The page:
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I have tried lots of language programs, and Learn in Your Car Spanish is one of the better ones. The very best Spanish courses are created by a guy named Frobose, but before I get ahead of myself, here’s what I like and dislike about Learn in Your Car Spanish:
1. Clear speaking native Spanish speakers
2. Relevant vocabulary
3. Clear English speaking guide
Here’s what I don’t like about Learn in Your Car Spanish:
1. No memory technique at all
2. No contextual real life learning
3. No profound or amusing explanations like with Power Spanish.
4. A huge gong blast between each and every lesson that gets really annoying.
Frobose does the whole thing, meaning, his programs contain original sentence building, a periodic memory technique better than Pimsleurs, and he talks with you and teaches you with native Spanish speakers. It’s so much more enjoyable.
Pimsleur is also good, but very limited vocabulary.
10 of 11 people found this review helpful
What did you love best about Learn in Your Car: Spanish, the Complete Language Course?
I originally purchased Learn-in-Your-Car Spanish back in 1997 when it came out on cassette tapes. The Audible version is a really nice improvement. You can slow it down, skip forward or back, or pause the playback. I was pleased to note that after almost 20 years, I can still respond to the English cues in passable Spanish. There’s something about the method of presentation that really helps the material stick in your head.
There are 2500+ entries, starting with simple words and phrases, and then sentences becoming progressively longer and more complex as you progress. Along the way, you cover all the basic verb tenses and moods, with practice sentences in the 6 person types for each tense and mood.
There are a number of other topic covered, such as direct and indirect object pronouns, reciprocal constructions, etc., etc. All these various constructions are used in sentences relating to topics such as eating, shopping, travel, computers & technology, etc., or just general conversational chit-chat.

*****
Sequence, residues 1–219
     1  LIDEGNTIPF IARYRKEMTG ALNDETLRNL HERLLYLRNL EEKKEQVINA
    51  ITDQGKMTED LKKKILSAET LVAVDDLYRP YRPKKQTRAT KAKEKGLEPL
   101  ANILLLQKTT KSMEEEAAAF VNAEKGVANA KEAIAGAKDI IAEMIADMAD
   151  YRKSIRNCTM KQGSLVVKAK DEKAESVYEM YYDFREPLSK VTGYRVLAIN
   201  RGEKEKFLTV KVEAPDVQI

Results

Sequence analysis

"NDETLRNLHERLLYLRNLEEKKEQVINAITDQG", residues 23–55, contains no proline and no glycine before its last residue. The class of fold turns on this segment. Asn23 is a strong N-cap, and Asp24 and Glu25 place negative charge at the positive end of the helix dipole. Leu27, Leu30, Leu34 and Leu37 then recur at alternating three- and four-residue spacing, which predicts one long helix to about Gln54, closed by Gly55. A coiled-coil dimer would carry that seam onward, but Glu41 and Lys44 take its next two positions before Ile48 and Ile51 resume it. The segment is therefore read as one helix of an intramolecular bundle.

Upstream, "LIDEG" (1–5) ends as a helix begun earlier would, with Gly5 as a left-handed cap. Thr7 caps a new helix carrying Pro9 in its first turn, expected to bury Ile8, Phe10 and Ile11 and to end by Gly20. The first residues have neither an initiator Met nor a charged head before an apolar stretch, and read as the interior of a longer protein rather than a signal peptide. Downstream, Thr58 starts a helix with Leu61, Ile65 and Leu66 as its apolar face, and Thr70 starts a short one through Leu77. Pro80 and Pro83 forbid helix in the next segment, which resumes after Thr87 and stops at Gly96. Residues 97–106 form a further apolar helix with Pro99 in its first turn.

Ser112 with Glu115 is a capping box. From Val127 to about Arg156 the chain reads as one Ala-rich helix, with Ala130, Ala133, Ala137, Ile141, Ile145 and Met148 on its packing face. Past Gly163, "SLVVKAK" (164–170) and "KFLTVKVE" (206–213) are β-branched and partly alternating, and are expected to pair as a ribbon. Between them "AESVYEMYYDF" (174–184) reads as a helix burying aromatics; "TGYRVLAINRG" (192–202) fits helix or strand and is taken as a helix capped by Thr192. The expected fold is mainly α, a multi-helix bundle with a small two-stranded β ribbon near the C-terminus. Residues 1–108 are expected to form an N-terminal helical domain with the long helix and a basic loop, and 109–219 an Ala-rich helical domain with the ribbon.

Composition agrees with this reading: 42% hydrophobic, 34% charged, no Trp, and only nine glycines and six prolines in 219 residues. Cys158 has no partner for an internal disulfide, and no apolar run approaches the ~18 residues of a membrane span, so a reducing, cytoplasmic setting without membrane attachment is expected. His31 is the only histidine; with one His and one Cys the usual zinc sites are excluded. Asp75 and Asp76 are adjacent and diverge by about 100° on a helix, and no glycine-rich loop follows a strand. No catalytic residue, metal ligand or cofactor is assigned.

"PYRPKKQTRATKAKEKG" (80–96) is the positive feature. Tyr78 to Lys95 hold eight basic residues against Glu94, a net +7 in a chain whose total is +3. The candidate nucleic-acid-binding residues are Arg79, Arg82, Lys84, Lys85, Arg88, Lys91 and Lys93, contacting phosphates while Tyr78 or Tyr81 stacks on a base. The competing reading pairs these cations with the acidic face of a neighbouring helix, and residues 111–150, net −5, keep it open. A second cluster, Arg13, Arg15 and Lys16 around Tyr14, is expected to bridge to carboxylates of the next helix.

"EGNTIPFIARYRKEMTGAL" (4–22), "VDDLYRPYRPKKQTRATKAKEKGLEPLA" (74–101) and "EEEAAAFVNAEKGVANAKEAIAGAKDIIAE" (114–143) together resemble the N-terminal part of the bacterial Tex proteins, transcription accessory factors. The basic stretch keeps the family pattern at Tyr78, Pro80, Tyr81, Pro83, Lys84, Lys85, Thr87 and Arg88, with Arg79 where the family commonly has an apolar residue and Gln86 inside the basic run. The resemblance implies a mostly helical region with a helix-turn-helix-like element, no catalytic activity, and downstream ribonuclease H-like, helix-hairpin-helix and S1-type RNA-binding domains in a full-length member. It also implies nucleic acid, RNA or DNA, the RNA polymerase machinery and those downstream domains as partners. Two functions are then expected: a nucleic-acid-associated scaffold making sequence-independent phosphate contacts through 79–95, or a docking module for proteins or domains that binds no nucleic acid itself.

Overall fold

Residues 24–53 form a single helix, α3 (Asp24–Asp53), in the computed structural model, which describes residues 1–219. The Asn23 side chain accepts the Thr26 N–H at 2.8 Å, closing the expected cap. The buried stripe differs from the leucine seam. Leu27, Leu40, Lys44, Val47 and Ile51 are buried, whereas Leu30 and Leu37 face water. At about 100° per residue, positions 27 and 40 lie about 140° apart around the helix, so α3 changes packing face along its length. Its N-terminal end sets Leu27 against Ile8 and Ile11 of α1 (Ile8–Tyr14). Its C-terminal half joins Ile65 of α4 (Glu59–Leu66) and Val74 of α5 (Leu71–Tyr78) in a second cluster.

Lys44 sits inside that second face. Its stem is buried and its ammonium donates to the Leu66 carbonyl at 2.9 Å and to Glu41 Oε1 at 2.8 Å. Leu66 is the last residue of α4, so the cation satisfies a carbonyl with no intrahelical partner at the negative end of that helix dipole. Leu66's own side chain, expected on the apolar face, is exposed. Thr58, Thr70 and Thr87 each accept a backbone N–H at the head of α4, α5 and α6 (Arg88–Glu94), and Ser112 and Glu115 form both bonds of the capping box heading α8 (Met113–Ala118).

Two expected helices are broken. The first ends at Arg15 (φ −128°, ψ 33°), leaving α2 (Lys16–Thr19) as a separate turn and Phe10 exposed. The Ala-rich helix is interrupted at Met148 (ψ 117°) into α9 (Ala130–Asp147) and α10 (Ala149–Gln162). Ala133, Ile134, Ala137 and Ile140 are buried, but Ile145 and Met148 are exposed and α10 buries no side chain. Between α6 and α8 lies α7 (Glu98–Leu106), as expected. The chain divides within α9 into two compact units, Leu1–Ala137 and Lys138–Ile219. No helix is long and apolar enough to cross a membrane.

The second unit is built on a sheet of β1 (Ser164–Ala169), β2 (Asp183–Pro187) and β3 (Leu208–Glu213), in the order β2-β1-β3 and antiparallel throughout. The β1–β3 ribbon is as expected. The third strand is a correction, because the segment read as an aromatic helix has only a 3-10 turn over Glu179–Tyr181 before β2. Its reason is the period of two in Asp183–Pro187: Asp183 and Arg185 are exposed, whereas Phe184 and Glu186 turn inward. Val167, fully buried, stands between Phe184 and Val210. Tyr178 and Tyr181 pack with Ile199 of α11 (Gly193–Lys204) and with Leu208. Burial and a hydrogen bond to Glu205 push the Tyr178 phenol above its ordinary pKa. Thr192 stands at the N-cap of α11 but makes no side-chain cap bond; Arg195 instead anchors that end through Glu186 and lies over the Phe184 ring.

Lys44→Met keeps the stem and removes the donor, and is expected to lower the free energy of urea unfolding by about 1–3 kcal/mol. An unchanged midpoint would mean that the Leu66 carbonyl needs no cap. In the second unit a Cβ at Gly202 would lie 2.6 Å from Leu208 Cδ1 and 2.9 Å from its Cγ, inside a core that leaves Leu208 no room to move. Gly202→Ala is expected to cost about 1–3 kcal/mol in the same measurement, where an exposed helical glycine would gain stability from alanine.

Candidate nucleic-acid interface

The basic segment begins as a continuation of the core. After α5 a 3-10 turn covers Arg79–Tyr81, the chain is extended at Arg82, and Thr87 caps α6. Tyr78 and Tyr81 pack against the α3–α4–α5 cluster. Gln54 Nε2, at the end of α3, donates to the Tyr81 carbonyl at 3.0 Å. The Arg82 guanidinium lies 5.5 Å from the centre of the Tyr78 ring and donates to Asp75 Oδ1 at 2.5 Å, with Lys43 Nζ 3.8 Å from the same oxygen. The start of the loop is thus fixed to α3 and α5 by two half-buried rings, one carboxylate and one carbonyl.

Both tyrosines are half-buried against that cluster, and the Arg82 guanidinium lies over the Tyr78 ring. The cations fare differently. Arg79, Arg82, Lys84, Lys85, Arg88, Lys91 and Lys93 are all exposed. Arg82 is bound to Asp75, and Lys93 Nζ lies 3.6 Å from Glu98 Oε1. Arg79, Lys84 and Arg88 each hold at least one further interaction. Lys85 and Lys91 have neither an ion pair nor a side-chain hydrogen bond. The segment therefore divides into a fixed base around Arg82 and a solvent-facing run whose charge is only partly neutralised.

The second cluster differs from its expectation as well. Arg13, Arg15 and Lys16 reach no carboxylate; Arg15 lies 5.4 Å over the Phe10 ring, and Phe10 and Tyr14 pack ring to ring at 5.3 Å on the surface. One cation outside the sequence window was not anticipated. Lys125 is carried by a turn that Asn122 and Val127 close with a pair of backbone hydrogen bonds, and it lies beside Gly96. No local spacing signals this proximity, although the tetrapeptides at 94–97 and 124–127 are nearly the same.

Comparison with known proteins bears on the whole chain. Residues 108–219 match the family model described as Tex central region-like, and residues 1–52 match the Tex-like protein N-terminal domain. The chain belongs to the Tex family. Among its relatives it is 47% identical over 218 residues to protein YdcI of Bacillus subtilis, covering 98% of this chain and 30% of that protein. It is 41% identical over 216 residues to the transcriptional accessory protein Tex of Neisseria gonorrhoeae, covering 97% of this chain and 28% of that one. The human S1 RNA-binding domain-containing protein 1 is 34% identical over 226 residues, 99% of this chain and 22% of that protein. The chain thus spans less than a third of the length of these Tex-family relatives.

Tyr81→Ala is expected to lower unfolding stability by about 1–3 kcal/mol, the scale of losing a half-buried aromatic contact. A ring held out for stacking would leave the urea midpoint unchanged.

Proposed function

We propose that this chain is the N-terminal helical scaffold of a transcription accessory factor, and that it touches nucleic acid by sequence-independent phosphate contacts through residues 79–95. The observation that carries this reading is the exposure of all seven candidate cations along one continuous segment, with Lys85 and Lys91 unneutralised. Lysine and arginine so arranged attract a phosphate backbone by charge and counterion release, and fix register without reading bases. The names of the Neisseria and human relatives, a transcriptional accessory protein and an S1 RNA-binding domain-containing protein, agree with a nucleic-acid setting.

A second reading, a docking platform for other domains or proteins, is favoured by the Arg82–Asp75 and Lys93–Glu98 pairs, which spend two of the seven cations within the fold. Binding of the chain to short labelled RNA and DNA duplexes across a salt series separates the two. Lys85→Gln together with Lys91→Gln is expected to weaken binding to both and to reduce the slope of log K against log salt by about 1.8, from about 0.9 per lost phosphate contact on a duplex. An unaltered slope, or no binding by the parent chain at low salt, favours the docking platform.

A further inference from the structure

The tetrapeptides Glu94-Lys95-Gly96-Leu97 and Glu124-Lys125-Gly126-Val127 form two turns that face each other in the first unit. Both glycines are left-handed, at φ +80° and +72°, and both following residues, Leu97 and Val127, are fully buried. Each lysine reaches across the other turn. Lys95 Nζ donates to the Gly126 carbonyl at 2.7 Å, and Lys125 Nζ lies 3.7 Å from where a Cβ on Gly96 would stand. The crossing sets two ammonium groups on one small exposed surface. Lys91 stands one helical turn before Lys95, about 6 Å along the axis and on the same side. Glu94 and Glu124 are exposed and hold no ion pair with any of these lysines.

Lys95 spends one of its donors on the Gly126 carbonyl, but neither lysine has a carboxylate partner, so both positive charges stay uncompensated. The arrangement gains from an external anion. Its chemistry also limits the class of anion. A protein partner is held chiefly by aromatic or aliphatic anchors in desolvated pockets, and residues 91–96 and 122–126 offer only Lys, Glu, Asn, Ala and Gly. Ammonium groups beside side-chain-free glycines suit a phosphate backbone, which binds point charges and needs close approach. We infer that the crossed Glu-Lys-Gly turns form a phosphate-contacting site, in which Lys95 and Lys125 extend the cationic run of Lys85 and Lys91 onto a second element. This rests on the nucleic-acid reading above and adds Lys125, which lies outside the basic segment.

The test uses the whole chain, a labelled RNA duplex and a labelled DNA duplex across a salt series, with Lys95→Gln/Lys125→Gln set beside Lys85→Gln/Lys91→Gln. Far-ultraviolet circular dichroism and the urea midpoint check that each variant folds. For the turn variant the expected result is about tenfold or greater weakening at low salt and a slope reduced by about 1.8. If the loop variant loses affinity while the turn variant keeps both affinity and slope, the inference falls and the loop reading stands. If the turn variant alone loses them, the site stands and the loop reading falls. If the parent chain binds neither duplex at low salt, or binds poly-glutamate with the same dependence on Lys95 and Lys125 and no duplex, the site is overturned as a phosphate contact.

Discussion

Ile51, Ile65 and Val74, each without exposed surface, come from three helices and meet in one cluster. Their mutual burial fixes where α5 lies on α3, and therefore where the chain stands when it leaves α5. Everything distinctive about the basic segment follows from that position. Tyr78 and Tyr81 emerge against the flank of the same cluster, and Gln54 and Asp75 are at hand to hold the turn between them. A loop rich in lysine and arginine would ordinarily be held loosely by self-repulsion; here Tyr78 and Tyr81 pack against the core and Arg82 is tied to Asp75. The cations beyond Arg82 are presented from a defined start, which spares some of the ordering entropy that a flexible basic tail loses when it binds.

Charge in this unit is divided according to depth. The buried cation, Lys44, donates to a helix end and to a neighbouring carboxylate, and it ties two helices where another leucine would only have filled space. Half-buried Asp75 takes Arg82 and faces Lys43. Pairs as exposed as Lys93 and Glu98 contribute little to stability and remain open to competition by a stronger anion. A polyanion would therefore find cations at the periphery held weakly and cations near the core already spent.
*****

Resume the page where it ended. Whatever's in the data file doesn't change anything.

I have to admit I didn’t follow the instructions about repeating a lesson several times before going on to the next lesson. Besides being boring, it was hard to find the beginning of the lesson on the cassette tape. Instead, I just plowed ahead, repeating the sentences as best I could. I actually did learn the sentences this way. Maybe that’s how a Spanish kid learns. When his mother yells, “Callate!” he knows to shut up without considering whether his mother is using the second person singular form of a reflexive AR verb in the imperative mood.
I highly recommend the accompanying PDF file. It’s rather lengthy, but invaluable as a resource. All the sample sentences are printed out. In addition, there are really great sections explaining the various grammar points illustrated, and presenting easy to understand charts of verb conjugations and other useful information. The PDF file makes a very nice book of Spanish vocabulary and grammar.
4 of 4 people found this review helpful
This is perfect for me, having taken some short Spanish courses in South America a few years ago prior to listening to this course. This has tested me, and brought me back up to speed several years on. The Vocab, grammar, verbs, etc are perfect for what I need and just what you'd need to know to get around and for basic conversation.
If you are completely new to Spanish, you would probably be best to get some kind of a visual Spanish guide / have lessons / different Spanish course for as it's sometimes hard to hear how the words are being said / pronounced.
1 of 1 people found this review helpful
if you want to learn Spanish don't buy this because it won't be enjoyable and you'll ultimately give up. Get a book buy a guy called Paul noble. it's a class beginner course and I actually remember what I learned.
9 of 16 people found this review helpful